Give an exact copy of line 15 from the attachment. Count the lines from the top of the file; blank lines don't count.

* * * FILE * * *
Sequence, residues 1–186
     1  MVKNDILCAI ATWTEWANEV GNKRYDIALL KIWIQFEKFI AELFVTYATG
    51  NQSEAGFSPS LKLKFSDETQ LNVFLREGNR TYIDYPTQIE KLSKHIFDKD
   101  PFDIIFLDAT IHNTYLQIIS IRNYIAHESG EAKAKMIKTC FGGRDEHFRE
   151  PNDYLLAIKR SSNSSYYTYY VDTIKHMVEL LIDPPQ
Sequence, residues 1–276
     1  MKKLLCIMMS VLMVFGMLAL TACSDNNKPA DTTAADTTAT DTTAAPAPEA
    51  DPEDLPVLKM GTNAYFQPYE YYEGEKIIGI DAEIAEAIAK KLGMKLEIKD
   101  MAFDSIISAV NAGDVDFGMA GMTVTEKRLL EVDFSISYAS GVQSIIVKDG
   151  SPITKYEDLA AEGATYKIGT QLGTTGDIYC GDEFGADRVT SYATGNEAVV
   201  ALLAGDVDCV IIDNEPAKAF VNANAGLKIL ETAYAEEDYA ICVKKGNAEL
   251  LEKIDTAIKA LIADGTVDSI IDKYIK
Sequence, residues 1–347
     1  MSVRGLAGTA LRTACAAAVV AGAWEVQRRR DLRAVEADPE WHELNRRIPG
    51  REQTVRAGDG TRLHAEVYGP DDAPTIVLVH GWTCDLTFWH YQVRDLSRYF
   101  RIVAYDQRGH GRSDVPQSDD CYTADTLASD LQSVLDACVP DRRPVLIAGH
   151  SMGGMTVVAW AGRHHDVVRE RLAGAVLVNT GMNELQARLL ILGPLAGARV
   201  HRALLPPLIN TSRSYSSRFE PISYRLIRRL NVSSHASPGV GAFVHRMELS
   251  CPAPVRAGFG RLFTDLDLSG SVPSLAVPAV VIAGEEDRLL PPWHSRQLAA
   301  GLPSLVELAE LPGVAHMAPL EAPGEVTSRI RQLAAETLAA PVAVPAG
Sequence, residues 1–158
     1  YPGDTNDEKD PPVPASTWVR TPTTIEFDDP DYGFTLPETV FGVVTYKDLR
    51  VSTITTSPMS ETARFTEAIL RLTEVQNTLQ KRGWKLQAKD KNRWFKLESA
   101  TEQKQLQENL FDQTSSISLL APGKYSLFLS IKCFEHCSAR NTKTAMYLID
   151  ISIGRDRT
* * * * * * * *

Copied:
    51  REQTVRAGDG TRLHAEVYGP DDAPTIVLVH GWTCDLTFWH YQVRDLSRYF